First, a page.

M&S Scraps ‘Best Before’ Dates on Fresh Produce to Reduce Food Waste

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Marks & Spencer has scrapped “best before” dates from over three hundred fresh produce items in a bid to reduce food waste.

Following a successful trial, the supermarket will remove dates from fruit and vegetable products to encourage shoppers to use their judgement to decide whether the food can still be consumed. Fruit and veg – particularly potatoes and apples – are some of the most wasted food items in UK households.

The “best before” dates will instead be replaced by a new coding system that enables the staff to check the freshness of the produce.

According to the Waste & Resources Action Programme (WRAP), more than two million tonnes of food that is still edible go to waste each year in the UK.

WRAP’s guidance on “best before dates” states that many food items “remain safe and perfectly good to eat for days, weeks, months or even years” after their “best before” date.

Jamie Crummie, co-founder of food waste app Too Good To Go, said in WRAP’s report: “Date labelling has, and continues to be, a confusing issue for both businesses and consumers.

“This uncertainty could lead to food waste on a large scale across society. For example, last year we found that 720 million eggs are wasted by Brits each year because of confusion around ‘best before’ date labelling.

“‘Best before’ is simply a measure of quality rather than safety and we welcome the latest guidance from WRAP for food business and redistribution organisations on the issue.”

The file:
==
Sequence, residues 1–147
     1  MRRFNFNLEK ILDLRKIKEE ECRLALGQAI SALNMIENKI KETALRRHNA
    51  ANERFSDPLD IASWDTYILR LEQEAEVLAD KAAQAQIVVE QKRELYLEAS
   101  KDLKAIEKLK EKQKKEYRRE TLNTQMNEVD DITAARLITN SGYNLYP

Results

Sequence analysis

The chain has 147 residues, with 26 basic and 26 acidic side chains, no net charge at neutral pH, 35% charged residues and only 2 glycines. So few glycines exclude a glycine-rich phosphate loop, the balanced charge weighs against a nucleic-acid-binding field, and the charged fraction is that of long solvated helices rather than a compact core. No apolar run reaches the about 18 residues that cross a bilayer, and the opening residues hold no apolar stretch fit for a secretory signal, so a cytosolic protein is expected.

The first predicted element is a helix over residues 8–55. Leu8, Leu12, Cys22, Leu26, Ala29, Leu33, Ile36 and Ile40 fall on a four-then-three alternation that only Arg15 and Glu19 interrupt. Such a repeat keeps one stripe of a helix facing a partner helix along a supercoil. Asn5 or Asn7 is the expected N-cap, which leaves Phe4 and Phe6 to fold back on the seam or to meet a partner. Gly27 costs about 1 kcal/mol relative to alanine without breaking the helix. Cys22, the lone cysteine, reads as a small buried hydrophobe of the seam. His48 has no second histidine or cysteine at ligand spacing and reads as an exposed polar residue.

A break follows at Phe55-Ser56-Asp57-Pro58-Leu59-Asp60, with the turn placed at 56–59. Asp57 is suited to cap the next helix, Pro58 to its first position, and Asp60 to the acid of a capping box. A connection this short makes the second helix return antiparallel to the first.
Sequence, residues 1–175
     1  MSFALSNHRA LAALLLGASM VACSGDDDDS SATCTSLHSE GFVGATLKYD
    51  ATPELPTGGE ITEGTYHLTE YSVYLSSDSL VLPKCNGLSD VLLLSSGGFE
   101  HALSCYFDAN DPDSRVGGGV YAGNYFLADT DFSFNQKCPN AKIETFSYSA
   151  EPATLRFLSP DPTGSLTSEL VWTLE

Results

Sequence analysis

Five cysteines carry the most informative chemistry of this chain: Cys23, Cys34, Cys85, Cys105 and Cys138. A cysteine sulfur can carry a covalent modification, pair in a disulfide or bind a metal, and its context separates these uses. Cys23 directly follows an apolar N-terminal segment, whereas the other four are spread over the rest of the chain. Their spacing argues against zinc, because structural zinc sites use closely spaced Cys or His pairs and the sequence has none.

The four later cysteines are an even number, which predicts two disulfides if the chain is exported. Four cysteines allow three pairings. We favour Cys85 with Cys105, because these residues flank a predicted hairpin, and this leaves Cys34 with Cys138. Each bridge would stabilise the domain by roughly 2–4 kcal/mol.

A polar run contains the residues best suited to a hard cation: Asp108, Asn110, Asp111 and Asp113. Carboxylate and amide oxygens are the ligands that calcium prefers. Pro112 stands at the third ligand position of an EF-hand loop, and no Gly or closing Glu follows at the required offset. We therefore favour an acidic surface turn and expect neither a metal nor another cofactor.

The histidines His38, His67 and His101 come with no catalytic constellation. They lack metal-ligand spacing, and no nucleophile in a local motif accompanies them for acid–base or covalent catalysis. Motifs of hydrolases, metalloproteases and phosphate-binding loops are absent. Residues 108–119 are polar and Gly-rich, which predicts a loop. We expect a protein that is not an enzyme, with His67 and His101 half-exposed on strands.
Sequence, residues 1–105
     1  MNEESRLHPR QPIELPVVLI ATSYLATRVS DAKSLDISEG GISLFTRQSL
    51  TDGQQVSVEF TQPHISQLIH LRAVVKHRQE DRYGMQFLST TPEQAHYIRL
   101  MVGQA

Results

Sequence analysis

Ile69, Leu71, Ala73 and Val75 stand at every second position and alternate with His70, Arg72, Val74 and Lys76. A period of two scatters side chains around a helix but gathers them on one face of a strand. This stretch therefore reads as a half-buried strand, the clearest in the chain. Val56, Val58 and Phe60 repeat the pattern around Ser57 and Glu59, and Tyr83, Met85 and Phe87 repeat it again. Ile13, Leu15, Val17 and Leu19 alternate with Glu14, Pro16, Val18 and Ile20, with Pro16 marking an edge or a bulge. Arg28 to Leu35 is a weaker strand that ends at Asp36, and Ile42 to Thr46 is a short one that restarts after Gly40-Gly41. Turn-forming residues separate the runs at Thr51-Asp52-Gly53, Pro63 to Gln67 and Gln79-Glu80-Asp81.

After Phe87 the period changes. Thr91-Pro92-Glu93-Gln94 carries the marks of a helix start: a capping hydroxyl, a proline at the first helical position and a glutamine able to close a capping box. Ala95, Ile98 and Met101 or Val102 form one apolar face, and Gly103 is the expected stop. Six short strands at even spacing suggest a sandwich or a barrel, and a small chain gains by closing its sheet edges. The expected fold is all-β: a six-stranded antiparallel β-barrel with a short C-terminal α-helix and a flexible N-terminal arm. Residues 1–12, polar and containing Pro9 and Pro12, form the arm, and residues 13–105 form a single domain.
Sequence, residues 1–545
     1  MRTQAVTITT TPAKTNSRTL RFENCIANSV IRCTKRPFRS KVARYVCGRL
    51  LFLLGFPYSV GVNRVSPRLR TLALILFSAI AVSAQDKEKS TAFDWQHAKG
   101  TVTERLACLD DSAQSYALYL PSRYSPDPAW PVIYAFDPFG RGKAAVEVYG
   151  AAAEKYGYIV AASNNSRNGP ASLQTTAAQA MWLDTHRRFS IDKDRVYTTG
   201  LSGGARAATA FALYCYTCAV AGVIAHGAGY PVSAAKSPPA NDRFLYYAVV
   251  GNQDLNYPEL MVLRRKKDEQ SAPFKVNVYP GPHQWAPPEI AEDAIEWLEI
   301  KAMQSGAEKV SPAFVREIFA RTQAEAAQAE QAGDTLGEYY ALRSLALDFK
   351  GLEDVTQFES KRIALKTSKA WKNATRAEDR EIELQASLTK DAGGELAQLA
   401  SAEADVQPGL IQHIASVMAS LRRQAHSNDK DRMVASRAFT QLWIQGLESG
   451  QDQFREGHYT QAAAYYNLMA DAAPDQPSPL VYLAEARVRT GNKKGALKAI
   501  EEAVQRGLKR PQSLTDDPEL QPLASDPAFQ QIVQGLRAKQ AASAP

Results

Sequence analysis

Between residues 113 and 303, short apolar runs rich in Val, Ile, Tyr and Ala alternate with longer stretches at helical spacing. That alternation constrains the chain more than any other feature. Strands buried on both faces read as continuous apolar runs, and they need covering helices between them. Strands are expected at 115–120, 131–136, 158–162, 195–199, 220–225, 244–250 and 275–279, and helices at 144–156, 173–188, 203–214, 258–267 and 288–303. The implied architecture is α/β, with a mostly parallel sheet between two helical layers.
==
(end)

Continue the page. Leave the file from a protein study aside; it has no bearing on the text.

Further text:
Catherine David, director of collaboration and change at WRAP, added: “We’re thrilled to see this move from M&S, which will reduce food waste and help tackle the climate crisis.

“Removing dates on fresh fruit and veg can save the equivalent of seven million shopping baskets of food being binned in our homes.

“We urge more supermarkets to get ahead on food waste by axing date labels from fresh produce, allowing people to use their own judgement.”

M&S is committed to halving food waste by 2030 as part of its sustainability roadmap and aims to have all edible surplus redistributed by 2025.

Andrew Clappen, director of food technology at M&S, said: “We’re determined to tackle food waste – our teams and suppliers work hard to deliver fresh, delicious, responsibly-sourced produce at great value, and we need to do all we can to make sure none of it gets thrown away.

“To do that, we need to be innovative and ambitious – removing ‘best before’ dates where safe to do so, trialling new ways to sell our products, and galvanising our customers to get creative with leftovers and embrace change.”